Intel Corp. will spend more than $4-billion (U.S.) to buy a stake in ASML Holding NV and bankroll the Dutch firm’s research, aiming to speed up the development of costly next-generation technology.
Shares of ASML, the world’s largest maker of machines that etch circuits on silicon wafers and a barometer for the chip sector, leapt 6.3 per cent on the Nasdaq Stock Market.
Intel said on Monday it had agreed to buy an initial 10 per cent stake in the European firm. It intends to take another 5 per cent pending shareholders’ approval, spending a total of about $3.1-billion.
The world’s top chipmaker will also help finance $1-billion of research into 450-millimeter wafer and extreme-ultraviolet chipmaking, both cutting-edge technologies that had been expected to emerge in the decade’s second half.
Intel said its assistance might accelerate their emergence and adoption by up to two years.
“If Intel is able to ramp 450mm production ahead of the world’s fabs such as TSMC or Global Foundries et al, it may yet prove that real men have fabs,” said John Jackson from CCS Insight. “There are signs that the global semiconductor fabrication sector is poised to realign.”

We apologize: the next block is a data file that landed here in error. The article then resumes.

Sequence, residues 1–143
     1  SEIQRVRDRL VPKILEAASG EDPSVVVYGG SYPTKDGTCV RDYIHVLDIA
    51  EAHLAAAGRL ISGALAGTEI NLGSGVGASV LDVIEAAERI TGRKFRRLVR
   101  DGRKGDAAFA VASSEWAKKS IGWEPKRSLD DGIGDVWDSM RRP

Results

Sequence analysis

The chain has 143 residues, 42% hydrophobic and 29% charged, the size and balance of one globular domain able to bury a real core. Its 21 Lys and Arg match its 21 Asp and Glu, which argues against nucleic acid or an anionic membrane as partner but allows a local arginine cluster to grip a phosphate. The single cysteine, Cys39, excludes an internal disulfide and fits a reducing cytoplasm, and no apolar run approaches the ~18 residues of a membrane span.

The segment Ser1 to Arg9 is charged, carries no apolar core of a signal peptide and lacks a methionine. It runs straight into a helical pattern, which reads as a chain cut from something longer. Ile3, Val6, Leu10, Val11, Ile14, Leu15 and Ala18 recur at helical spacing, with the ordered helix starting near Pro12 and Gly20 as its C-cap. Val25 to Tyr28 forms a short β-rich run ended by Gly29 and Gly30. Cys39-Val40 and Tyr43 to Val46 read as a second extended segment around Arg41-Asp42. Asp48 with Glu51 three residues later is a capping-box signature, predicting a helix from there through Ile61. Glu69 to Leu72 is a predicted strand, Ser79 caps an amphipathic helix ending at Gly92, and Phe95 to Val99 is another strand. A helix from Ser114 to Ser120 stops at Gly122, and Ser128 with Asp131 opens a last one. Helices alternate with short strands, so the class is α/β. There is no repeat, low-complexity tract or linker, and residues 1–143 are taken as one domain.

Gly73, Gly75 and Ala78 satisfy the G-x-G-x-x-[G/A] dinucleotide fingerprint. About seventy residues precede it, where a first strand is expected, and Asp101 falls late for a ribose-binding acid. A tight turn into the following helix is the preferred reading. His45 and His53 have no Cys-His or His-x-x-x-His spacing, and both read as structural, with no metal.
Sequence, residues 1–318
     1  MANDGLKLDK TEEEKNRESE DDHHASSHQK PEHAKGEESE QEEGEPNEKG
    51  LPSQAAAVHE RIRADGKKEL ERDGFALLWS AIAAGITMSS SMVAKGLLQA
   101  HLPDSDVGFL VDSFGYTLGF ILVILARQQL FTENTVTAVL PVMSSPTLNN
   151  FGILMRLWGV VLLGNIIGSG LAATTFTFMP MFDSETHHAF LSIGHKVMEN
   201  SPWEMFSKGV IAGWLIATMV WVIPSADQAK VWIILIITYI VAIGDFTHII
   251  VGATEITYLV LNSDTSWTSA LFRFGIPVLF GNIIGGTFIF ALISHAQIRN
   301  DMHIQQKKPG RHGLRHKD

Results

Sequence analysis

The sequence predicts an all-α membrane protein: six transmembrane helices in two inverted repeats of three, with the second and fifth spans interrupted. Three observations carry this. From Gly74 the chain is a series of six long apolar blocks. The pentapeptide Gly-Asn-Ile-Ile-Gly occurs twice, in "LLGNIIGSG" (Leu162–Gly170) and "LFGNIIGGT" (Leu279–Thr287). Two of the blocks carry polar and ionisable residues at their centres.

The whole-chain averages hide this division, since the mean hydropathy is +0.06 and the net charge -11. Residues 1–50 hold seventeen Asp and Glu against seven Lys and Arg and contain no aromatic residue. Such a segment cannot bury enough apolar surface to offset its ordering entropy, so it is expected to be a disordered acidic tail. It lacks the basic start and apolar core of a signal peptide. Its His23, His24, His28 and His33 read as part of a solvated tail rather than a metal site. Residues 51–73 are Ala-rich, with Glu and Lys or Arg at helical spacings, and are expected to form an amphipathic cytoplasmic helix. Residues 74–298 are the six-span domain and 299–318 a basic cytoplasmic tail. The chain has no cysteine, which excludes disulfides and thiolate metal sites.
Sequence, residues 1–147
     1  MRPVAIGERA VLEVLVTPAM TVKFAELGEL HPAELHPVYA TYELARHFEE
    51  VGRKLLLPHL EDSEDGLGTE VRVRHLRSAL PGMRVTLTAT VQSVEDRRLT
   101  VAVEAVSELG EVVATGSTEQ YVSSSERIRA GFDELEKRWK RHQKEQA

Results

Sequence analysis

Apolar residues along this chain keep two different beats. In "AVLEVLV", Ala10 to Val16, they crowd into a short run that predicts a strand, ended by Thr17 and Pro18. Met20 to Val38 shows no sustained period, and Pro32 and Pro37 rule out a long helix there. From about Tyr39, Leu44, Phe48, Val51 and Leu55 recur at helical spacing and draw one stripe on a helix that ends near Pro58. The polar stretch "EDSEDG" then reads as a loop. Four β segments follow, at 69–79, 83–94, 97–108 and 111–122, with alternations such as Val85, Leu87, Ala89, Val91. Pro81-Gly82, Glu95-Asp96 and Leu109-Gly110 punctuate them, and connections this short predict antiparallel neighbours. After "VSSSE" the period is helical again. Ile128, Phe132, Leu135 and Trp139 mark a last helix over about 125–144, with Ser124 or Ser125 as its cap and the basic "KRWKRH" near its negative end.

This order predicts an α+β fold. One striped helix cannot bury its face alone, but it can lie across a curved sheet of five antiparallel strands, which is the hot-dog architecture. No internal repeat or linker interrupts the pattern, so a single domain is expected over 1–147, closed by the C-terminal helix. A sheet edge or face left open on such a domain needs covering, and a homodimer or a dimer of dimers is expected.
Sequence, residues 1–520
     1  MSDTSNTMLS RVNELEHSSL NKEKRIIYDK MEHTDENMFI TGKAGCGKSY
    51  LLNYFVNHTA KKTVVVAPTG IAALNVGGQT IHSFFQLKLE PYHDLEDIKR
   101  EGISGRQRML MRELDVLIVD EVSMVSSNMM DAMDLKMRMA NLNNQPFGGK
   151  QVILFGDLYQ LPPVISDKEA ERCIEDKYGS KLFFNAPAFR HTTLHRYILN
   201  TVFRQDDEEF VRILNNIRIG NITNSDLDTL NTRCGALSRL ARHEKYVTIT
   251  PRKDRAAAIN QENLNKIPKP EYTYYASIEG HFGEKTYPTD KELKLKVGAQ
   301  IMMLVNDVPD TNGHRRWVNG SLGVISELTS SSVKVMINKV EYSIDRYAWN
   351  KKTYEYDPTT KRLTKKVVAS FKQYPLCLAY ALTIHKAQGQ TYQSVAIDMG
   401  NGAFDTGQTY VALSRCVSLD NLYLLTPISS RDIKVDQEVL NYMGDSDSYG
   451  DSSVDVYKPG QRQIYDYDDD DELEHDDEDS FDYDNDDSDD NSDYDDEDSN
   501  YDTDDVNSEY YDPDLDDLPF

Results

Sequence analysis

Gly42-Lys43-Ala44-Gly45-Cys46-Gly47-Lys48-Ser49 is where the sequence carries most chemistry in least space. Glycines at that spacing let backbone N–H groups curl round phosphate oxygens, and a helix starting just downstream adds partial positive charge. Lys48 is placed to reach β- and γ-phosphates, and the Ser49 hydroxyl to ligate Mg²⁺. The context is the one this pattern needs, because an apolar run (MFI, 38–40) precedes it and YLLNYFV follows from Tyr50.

Intel is the first major chipmaker to sign up for ASML’s “customer investment” program, under which it hopes to enlist partners to fund expensive research into 450mm wafer technology, a more economical chipmaking process.
Under their agreement, Intel will pay €1.7-billion ($2.1-billion) for an initial 10 per cent slice of ASML, and a preliminary €553-million for research. The remainder of its total $4.1-billion expenditure is conditional upon shareholder approval.
The pact also involves advance orders of next-generation ASML chipmaking gear, strengthening the Dutch firm’s assurance to move ahead in developing the technology.
Intel shares slid about 1 per cent to $25.87 after hours, from a close of $26.17 on Nasdaq. ASML shot up 6.3 per cent to $51.53 from a close of $48.46.
ASML is the world’s leader in semiconductor lithography, and competes with Japanese groups Canon and Nikon. Its clients include Intel and Samsung Electronics.Report Typo/Error